The Golden Globe nominations are a significant signpost on the road to the Oscars. Mike Goodridge reports on the main contenders – and those which may have been overlooked
The Hollywood Foreign Press Association (HFPA) announced nominations for the Golden Globes earlier this month and, at least in its drama categories, the selection was a fair reflection of English-language movies this year. The King’s Speech, The Social Network, The Fighter, Black Swan and Inception all won best picture (drama) nominations and nods for their directors.
Unfortunately for the HFPA, however, it was not a strong year for musical or comedy and, aside from the well-liked The Kids Are All Right which was cited for best picture (musical or comedy) and in three other categories, the choices were eccentric to say the least. The Tourist, which was loathed by critics, won nominations for picture, actor and actress, while other best picture nominations went to Burlesque, Alice In Wonderland and RED. The musical and comedy categories can often appear bizarre — reflecting the limited choice of suitable films. But the fact that Barney’s Version, Easy A and Love And Other Drugs, which all won acting nominations, failed to beat The Tourist to a picture nomination will not make the HFPA proud.
There was also comment that the Globes neglected the Coen brothers’ True Grit, especially its performances by Jeff Bridges and newcomer Hailee Steinfeld. Lesley Manville, who gave a standout performance in Mike Leigh’s Another Year, was also overlooked, as was Danny Boyle in the directing category for 127 Hours, and Winter’s Bone in all but the best actress (drama) category for Jennifer Lawrence.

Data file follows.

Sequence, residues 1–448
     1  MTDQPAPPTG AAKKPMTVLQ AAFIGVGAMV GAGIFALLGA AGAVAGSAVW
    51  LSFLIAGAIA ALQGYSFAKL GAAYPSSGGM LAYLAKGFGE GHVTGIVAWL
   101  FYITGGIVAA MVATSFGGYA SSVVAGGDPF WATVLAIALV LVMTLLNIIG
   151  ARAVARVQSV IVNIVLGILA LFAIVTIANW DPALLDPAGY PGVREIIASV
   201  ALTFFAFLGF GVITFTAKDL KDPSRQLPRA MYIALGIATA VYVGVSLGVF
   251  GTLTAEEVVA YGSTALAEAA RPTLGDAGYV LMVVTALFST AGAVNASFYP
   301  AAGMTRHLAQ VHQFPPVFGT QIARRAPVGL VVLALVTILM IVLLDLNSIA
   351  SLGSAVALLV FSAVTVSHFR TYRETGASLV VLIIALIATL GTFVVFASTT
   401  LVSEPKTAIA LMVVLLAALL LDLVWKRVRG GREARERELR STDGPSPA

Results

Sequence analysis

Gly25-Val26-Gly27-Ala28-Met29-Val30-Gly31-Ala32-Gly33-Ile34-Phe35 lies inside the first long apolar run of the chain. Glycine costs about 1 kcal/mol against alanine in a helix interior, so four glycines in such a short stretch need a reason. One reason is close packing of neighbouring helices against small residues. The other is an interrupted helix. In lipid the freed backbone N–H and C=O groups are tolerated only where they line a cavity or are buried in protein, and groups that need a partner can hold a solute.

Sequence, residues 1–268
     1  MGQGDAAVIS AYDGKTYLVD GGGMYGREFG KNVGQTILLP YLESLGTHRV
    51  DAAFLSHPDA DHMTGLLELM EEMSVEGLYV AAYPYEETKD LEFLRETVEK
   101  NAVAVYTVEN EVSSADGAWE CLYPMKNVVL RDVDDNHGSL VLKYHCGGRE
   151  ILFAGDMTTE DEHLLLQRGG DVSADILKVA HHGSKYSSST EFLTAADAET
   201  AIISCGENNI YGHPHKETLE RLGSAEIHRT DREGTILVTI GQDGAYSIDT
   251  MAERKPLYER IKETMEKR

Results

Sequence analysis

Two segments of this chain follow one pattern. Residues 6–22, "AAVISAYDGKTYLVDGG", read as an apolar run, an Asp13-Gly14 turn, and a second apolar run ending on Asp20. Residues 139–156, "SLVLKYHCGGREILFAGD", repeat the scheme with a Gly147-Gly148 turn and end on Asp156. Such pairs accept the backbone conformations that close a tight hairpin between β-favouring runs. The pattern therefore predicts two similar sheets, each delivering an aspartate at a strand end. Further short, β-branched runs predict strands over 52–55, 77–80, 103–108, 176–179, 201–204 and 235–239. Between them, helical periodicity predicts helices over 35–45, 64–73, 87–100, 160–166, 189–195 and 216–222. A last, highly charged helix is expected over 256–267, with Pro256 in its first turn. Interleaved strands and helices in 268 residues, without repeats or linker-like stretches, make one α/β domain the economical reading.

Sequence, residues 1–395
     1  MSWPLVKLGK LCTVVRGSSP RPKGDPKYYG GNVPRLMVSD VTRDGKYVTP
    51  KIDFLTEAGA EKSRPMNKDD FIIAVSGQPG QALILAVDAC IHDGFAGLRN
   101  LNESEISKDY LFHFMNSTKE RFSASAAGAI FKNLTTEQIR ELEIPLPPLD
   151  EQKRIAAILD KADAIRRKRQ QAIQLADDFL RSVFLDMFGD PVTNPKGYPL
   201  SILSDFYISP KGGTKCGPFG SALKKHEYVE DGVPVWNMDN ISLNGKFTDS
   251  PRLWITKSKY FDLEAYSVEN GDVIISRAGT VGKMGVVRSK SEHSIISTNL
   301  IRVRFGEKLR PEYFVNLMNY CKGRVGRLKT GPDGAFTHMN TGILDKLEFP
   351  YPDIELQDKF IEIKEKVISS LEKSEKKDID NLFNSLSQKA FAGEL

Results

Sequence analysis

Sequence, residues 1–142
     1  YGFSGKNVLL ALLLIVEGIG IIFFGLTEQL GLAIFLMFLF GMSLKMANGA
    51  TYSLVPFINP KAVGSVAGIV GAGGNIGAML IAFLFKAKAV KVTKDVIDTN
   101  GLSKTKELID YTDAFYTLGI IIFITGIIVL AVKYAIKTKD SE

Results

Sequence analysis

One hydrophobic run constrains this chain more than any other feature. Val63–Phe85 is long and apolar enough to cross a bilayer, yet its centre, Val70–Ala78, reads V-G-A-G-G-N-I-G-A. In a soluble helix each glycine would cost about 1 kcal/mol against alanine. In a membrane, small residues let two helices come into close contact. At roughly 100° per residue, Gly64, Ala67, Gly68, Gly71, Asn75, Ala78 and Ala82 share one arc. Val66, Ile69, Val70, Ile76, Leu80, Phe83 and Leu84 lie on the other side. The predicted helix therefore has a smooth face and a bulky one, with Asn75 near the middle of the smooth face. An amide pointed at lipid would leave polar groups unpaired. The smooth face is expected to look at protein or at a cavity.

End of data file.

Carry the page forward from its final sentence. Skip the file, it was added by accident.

The Globes, did, however, shine a light on certain independent films — such as Blue Valentine and its stellar per-formances by Ryan Gosling and Michelle Williams, Frankie And Alice for its lead performance by Halle Berry and Rabbit Hole for lead actress Nicole Kidman. All three were labours of love, as was The Fighter, which netted Mark Wahlberg nominations as producer and lead actor (drama).
The question now is which film and which director will win favour, not just with the Globes but all the way to the Academy Awards. The primary battle appears to be between David Fincher’s contemporary drama The Social Network, with its superb screenplay by Aaron Sorkin, and Tom Hooper’s period drama The King’s Speech. Both are eminently awardable. And while there is plenty of admiration for Darren Aronofsky’s ballet drama Black Swan and David O Russell’s working class boxing drama The Fighter, both might prove too dark or too left-of-centre to satisfy the majority of HFPA or Academy members.
And then, of course, there is Inception. The year’s box-office champion is an audacious storytelling exercise by film-maker Christopher Nolan. Having been overlooked for The Dark Knight, the Nolan fanbase and many others will be expecting the director to be rewarded this year. He could be a surprise winner.
THE GOLDEN HELLO
It’s the wake-up call they dreamed of: Golden Globe nominees give their reactions to the good news
Tom Hooper, The King’s Speech: “I am so delighted for our entire cast, composer Alexandre [Desplat] and for David Seidler, whose journey towards making this film started as a small boy listening to King George VI on the radio. I am so grateful to my extraordinary cast and crew for helping to bring this unlikely story of friendship to life. Thank you for supporting our film and making me very happy at two in the morning in Melbourne, Australia!”
Christopher Nolan, writer-director-producer, Inception: “I’d like to thank the HFPA for recognising all of our hard work on Inception. It is particularly gratifying to be recognised for a film you’ve carried with you so long, and shared with so many incredible artists and craftsmen across six countries.”